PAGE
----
The FCC is really cracking down on those annoying robocalls with some power moves made on Wednesday. The FCC fined two Texas-based telemarketers $225 million in fines for spam calls they made back in 2019 – the largest fine in the commission’s history. According to the FCC, the two companies under the names of Rising Eagle and JSquared Telecom made more than 1 billion automated sales phone calls selling phony short-term health insurance.
The fine is part of the FCCs expanded dedication to cracking down on robocalls. The commission also announced Wednesday that it’s created a “Robocall Response Team” comprised of 51 of its employees who will be in charge of stopping robocalls by reaching out to the FTC, DOJ, and state attorney generals for support.
The FCC has also sent out sent cease-and-desist letters to companies who have violated the rules and pretended to offer fake refunds from retailers like Apple or Amazon, as well as those who have spread false COVID relief programs.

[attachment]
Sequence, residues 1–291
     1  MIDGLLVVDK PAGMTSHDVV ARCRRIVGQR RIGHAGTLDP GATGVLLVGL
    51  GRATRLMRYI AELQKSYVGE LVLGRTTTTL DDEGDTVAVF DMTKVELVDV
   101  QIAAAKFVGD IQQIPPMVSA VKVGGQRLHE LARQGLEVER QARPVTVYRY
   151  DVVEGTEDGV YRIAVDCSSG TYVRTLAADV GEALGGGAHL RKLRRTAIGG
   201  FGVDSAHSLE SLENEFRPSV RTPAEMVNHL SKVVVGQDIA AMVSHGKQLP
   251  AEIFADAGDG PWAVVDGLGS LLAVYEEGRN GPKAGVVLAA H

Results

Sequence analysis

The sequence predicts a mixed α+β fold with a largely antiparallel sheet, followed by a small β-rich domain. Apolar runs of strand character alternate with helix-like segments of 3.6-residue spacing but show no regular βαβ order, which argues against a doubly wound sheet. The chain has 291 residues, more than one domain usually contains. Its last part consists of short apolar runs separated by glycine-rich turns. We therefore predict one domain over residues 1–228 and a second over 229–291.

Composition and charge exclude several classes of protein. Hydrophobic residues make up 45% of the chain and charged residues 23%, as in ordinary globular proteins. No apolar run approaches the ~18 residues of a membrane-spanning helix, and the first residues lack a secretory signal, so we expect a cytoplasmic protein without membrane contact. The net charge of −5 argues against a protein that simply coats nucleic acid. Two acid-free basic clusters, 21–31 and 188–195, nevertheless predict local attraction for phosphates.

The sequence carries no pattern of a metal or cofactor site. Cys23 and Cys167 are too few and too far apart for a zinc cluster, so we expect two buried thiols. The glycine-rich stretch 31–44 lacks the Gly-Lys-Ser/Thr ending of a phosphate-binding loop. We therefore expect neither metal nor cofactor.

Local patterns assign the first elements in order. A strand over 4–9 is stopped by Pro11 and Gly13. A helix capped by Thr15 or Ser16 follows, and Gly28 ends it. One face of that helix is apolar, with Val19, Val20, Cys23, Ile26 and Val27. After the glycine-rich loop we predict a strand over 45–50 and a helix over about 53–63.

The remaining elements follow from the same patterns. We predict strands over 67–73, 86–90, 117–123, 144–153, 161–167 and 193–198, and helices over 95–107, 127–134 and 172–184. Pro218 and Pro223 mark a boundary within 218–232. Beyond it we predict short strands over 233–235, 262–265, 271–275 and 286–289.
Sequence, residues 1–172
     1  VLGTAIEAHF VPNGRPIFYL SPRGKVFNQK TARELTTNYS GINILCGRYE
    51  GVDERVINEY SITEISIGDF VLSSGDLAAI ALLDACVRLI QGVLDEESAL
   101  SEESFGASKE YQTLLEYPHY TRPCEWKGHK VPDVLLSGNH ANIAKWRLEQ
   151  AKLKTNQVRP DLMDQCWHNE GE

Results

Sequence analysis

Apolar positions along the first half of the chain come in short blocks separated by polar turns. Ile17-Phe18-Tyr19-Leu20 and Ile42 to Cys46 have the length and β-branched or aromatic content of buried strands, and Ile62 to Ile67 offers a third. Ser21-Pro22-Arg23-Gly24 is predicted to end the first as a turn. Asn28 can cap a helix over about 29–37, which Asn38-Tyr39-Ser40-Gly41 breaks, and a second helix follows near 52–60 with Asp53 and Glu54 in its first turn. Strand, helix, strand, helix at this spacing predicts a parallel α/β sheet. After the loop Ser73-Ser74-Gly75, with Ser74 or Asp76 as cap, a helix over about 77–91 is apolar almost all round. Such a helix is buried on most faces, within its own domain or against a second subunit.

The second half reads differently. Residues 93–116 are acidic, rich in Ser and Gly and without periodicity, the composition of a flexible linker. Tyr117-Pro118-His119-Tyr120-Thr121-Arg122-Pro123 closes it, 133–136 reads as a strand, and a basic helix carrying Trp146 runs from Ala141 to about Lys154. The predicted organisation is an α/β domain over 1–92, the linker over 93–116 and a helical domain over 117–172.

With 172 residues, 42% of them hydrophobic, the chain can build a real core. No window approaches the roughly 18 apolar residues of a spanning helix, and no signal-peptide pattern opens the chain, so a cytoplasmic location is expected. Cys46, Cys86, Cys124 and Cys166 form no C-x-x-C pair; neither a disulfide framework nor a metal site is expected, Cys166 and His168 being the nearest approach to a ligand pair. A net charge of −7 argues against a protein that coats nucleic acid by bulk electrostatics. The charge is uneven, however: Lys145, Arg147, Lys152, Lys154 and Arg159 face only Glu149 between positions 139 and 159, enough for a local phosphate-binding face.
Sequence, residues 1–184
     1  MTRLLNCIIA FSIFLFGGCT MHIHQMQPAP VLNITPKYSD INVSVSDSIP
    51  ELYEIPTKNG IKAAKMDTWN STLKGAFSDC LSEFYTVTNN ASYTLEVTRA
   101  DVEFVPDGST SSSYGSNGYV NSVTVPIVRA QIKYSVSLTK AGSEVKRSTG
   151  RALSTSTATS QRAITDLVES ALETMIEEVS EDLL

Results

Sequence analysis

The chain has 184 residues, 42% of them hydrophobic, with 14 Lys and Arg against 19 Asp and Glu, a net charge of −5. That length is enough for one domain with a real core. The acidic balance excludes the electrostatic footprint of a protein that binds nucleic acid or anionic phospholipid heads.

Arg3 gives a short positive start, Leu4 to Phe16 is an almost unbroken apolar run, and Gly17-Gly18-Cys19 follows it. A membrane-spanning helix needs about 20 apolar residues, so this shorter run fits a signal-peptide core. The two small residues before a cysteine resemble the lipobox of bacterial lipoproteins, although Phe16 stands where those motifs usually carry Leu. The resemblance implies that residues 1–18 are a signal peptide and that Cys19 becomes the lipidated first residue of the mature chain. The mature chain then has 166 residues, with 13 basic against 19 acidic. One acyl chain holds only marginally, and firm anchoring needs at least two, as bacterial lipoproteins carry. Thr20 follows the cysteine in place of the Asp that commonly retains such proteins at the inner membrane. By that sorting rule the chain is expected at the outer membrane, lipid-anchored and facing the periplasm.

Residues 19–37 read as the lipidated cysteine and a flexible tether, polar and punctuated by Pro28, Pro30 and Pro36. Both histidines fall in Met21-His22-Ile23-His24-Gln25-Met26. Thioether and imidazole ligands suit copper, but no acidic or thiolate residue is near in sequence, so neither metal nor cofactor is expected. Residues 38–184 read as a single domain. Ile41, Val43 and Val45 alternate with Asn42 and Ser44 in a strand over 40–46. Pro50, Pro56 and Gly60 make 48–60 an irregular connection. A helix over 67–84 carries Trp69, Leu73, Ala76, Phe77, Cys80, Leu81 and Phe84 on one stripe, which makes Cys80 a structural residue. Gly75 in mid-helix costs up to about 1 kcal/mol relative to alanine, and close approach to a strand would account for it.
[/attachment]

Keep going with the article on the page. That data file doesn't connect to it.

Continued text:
“Also, today’s cease and desist letters should serve as a warning sign to other entities that believe the FCC has turned a blind eye to this issue. We certainly haven’t and we’re coming for you,” FCC Acting Chairwoman Jessica Rosenworcel said in a statement.
The war on robocalls has been a long and drawn-out one that continues to feel like an uphill battle. With scammers using technology to fake local area codes on caller IDs and more, its become a huge problem and annoyance for consumers. The number of spam calls received in the U.S. rose 26% in the last year, according to anti-spam call app Robokiller. Hopefully, that number will go down this year as phone companies adopt robocall fighting tools as directed by the FCC.